FROM OUR COMMUNITY: Many gains on mental health issues, but much remains undone

Our mental health system is still under construction. Too many people are unable to access the mental health treatment they need in the communities where they live, pushing people to more expensive parts of our system like a hospital emergency department or the criminal justice system.

National Alliance for the Mentally Ill (NAMI) Minnesota is pleased to report that the House, Senate, and Governor Walz were able to reach a bipartisan compromise and make numerous, critical investments in our mental health system. Top NAMI priorities include funding for Certified Community Behavioral Health Clinics or CCBHCs, intensive mental health services for children including covering the lost federal funding for residential mental health treatment, keeping the provider tax, a major investment in suicide prevention at the Department of Health, and a funding increase for school-linked mental health services.

The 2019 session also saw the passage of key NAMI policy priorities. For over a decade, federal mental health parity regulations have required insurers to cover mental illnesses, such as depression or substance use disorder, no more restrictively than other illnesses such as diabetes or heart disease. Despite these laws, private health plans continue to discriminate treatment for mental illnesses through more restrictive determinations of medical necessity, narrow networks, and prior authorizations. Bipartisan mental health parity legislation will allow the Department of Commerce to request additional information from health plans to ensure that they are following the law.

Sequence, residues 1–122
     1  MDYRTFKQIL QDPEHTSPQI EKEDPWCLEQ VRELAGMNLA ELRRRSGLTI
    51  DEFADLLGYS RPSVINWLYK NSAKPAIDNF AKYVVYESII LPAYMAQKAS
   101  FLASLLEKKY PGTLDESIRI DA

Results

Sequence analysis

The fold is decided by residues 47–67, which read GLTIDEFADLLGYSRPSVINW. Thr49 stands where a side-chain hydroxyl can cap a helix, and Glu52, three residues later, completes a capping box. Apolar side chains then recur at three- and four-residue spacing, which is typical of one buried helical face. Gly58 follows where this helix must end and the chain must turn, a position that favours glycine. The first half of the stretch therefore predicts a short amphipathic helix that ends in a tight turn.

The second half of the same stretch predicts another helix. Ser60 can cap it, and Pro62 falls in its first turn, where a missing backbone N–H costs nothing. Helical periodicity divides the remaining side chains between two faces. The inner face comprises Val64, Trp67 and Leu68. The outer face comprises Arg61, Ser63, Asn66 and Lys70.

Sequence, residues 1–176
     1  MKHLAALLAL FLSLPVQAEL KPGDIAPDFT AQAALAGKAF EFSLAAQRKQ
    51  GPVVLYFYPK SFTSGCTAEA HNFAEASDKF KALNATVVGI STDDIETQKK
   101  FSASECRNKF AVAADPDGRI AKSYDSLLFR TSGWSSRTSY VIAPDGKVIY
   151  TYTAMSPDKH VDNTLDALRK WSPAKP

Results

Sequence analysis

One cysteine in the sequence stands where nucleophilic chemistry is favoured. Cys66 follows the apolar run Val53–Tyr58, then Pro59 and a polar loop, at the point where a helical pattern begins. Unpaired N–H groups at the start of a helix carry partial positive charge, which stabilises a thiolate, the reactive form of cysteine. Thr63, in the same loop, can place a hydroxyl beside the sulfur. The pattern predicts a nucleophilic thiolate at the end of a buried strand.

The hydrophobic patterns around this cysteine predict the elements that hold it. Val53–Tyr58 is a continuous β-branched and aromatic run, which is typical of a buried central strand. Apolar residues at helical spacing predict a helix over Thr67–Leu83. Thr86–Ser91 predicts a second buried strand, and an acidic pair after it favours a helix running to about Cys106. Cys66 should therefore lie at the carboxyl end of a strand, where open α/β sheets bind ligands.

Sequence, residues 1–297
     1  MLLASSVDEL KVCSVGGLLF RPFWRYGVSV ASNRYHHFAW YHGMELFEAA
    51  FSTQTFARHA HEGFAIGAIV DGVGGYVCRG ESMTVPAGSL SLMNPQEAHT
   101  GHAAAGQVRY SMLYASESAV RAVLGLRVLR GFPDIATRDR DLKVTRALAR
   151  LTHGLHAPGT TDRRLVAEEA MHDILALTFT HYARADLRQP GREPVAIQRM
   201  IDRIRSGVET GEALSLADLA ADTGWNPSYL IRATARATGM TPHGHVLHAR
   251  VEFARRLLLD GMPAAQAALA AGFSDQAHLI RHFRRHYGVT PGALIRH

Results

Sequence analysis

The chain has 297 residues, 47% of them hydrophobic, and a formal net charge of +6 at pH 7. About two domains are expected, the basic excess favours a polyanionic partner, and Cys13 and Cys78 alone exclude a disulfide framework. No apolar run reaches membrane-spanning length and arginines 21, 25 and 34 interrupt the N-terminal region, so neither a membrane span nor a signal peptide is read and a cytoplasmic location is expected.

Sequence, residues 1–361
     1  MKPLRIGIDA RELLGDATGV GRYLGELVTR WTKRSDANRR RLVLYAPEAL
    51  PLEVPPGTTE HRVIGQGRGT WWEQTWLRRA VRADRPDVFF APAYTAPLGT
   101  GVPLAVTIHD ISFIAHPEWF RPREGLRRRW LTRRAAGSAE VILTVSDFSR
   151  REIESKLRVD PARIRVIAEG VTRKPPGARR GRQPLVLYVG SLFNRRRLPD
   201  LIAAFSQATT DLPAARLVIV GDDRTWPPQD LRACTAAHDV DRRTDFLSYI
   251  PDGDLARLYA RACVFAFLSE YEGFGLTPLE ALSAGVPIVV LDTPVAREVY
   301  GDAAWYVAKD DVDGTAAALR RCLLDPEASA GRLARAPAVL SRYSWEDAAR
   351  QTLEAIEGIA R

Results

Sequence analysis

The Public Safety Omnibus bill also includes a long-overdue effort to reform the use of restrictive housing or solitary confinement in Minnesota prisons. Legislation championed by Rep. Nick Zerwas (R-Elk River) and NAMI Minnesota will create new and significant protections for Minnesota prisoners. These include requirements that only the most severe or persistent rule violations will place an inmate in segregation, that every inmate receives a mental health screening before they are placed in solitary confinement, daily mental health checks, the creation of a step-down program for inmates to work their way out of solitary confinement, and mandatory data reporting to the legislature about the use of solitary confinement. These basic protections will improve prison safety and provide new protections for inmates with a mental illness.

There is much to celebrate in the 2019 legislative session, but numerous important priorities for the mental health community were left unaddressed. Reimbursement rates for mental health providers remain unsustainably low, our mental health workforce needs in rural Minnesota and communities of color are still unmet, and too many communities do not have access to First Episode Psychosis programs and other highly effective community-based treatment options.

“Mental health is not a partisan issue and divided government in Minnesota was able to deliver many key victories for the mental health community,” said Sue Abderholden, NAMI Minnesota’s executive director, “Investments in CCBHCs, children’s mental health treatment, and school-linked mental health services are all steps in the right direction. But with a rising suicide rate and a 15 percent increase in the homeless population, now is no time to rest on our laurels. We’ll be back next session to make sure that we continue to build our mental health system.”

For more information, contact Abderholden at 612-202-3595 or sabderholden@namimn.org.